During the last few decades technology used in crop production has developed noticeably. The work of farmers has decreased and continues decreasing by means of technology and automation. The aim of this research project was to find out requirements for methods and automated machines needed in automated crop production.
Agricultural machines capable of utilizing variable rate application (VRA) technology enable considering spatial variability in agricultural fields during different field operations. Agricultural field robots are the next step in technology, capable of utilizing sensor and actuating technologies, without human driven tractors. However, agricultural field robots are still under research, and commercial products do not exist.
The next generation of crop farming, in the vision of authors, is based on automatic crop farming, which incorporates stationary and moving sensors systems, robots, model based decision making, automated operation planning which are adapting to spatial variability according to the measurements as well as to weather conditions.
This article presents a top-down approach of automated crop farming using simulation, trying to cover the most important pieces on a fully automatic farm and the environment is modelled. The developed simulation environment is presented as well as preliminary simulation results. The environment simulator is based on a collection of models, including models for crop and weed growth, soil water flow and generators for spatial variation and statistically varying weather.
To attain this aim the existing models were used when possible. Missing models were developed but the emphasis was on structure. The models are aimed to be as simple and transparent as possible so that they can be used as a tool for decision making e.g. in choosing machines and timing cultivation operations. Schematics of the components related to the crop growth model are presented in Fig. 1.
The overview of one version of the plant growth models is presented in Fig. 2. The model contains fixed parameters and the magnitude of each may be altered by a multiplication factor in order to find out its influence on the plant growth. The model and its parameters are: mass of seed, biomass partitioning between shoot and root, sowing density and specific leaf area. In its most primitive form the model is fully analytical (Hautala and Hakojärvi 2010).
The model for the soil water movements used here includes 10 layers (Fig. 3). At first the water flow from one layer to another was calculated according to Darcy’s law. The benefits of this approach are the changes of soil affecting the water flow in soil as a function of soil moisture content, which makes the soil moisture changes realistic. However, in larger areas the calculation of this procedure takes considerable amount of time.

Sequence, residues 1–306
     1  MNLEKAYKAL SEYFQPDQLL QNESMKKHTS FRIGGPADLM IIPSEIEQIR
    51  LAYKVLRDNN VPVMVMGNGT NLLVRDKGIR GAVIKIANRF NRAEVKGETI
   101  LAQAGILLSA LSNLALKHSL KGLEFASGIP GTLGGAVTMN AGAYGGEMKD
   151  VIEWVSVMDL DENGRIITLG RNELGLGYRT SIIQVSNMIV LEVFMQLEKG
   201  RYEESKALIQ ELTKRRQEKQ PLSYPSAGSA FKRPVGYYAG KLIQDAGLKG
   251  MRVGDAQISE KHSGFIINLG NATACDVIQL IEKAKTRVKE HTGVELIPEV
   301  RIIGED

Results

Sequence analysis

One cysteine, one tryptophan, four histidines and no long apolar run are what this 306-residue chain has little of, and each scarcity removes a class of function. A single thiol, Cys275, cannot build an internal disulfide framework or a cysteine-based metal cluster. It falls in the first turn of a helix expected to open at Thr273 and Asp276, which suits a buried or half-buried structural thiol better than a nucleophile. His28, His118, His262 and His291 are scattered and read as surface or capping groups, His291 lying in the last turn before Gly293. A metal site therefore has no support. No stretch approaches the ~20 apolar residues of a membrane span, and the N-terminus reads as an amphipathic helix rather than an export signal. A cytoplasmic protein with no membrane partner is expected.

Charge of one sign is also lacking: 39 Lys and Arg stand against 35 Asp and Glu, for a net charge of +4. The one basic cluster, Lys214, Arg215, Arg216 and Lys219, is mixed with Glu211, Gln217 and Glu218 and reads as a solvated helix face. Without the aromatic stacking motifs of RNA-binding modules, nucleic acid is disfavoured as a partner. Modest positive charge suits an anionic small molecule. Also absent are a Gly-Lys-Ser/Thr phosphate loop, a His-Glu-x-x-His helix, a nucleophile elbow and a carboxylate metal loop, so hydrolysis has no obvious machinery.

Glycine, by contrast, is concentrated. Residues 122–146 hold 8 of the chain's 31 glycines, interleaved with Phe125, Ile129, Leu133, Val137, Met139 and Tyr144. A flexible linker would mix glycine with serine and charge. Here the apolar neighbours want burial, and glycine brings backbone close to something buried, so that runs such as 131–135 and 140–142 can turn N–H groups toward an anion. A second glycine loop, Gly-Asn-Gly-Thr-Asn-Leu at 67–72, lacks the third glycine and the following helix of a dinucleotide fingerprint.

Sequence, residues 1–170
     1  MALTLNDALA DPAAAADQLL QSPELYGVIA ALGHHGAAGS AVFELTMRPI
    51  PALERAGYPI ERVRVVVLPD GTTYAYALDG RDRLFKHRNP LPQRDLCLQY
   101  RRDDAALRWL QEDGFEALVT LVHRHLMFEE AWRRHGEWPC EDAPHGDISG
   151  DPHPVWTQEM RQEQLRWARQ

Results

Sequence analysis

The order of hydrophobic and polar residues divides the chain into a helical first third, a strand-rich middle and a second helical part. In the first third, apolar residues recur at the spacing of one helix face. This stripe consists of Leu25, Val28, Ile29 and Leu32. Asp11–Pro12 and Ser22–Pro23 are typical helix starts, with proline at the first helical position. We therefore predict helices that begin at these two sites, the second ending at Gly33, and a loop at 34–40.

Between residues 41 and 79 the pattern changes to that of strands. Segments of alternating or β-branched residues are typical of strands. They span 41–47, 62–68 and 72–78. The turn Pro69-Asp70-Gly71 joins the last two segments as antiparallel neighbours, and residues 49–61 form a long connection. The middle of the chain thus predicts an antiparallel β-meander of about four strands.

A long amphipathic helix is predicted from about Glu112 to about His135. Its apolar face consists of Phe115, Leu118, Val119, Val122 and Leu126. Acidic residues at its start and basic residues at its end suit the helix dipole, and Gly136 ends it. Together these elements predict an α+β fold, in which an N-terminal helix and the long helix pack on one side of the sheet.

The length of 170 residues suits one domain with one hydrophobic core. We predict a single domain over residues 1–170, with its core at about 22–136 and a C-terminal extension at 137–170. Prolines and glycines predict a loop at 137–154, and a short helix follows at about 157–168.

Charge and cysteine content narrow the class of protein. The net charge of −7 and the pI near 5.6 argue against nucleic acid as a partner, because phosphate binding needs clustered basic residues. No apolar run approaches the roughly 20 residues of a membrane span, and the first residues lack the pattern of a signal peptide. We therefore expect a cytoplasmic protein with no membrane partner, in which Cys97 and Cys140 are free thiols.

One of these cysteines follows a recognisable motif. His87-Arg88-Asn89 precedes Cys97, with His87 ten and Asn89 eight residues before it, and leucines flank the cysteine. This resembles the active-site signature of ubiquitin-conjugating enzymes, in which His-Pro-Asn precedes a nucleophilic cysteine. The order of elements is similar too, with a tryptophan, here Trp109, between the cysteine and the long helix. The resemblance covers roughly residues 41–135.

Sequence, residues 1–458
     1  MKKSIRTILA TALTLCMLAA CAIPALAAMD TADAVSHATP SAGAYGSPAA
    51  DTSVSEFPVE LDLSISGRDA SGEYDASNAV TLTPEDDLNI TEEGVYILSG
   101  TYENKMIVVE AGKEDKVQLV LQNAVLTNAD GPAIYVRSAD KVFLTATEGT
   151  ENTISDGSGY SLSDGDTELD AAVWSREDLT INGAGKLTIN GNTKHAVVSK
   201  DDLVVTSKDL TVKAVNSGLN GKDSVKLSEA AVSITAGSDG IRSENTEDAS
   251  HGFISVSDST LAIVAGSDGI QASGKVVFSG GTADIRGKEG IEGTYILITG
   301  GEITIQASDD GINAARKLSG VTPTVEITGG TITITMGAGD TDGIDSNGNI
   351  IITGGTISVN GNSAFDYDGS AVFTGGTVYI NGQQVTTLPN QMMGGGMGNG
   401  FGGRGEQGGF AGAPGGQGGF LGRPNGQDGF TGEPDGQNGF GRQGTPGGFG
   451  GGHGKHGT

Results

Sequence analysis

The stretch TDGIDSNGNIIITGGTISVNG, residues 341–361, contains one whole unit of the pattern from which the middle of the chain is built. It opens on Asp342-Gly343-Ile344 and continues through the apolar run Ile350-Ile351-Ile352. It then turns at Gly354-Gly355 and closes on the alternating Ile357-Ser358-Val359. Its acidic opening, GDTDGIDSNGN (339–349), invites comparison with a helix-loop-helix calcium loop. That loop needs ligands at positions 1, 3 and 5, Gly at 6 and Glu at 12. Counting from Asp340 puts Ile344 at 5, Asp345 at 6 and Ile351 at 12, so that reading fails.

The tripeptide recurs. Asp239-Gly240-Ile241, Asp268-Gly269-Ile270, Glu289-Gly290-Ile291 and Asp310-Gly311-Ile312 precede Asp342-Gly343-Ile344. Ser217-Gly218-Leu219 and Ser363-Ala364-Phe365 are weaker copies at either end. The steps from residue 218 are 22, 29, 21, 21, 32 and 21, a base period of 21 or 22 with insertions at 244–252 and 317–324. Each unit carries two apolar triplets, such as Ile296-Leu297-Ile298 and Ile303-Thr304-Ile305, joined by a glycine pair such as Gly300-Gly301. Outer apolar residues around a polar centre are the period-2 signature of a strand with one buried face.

In the basic computing phase (in Fig. 5) the scenario is converted to the simulator applicable format. This includes rasterising 3D surfaces created in the scenario using the grid size parameter. In the basic computing phase, also cloudless solar radiation is generated for the whole season beforehand (using ArcGIS Solar Analyst). In addition, other static properties of the fields are computed at this time, like an inclination rate and direction in each cell, and cell neighborhood arrays.
In Fig. 6, the above ground results of the crop growth model are presented. Most of the variation in the grain yield comes from solar radiation variation, which is caused by the shading of forests during the day. The shadow areas produce less yield and this can be seen as dark areas in Fig. 6. The forests are modelled as non-transparent objects and the effect of decrease on solar radiation was computed using ArcGIS Solar Analyst. The solar radiation depends on the date of year as well as cell location in the field.
In Fig. 7 Monte Carlo rainfall for one growth season at one site is presented as well as consequent variations in soil moisture at five different depths. The crop root growth and water use can be seen from decreasing soil water contents as a function of time and depth of soil. In Fig. 7 the soil water model based on Darcy’s equation was used.
DISCUSSION AND CONCLUSIONS
In the developed AutoCrop simulator, software integration was used to combine the good properties of specific simulation and software tools. Two different approaches were tried to do the simulation phase, the first way was to compile Simulink model to C++ and further .NET component and run the simulation using ArcGIS; and the other way to use Matlab as a simulation engine. It was found that the first one is better even if it takes more time to develop.
The computing efficiency comparison showed that the first approach took less than 2% computing time compared with Matlab approach. For the presented scenario (Fig. 6) with 9000 cells of 5 x 5 meters, using simulation time step of one hour and data store to the database every other simulated day. The simulated growth period corresponded to the actual time period from the beginning of April to the end of September and took about 10 hours to compute with P4@3.2GHz processor. This computing depends on grid and time step parameters, but also on models used in the simulation, as mentioned above.
The present models applied in the simulator can not be used to simulate winter cereal crops, because overwintering is not included in the model. However, if initial values of the crop model were entered in the model, the simulator could simulate the growth of winter crop. Cultivated as spring crops, the presented crop growth model would apply to all C3 crops.
Source: University of Helsinki
Authors: M. Hakojärvi | M. Hautala | J. Ahokas | T. Oksanen | T. Maksimow | A. Aspiala | A. Visala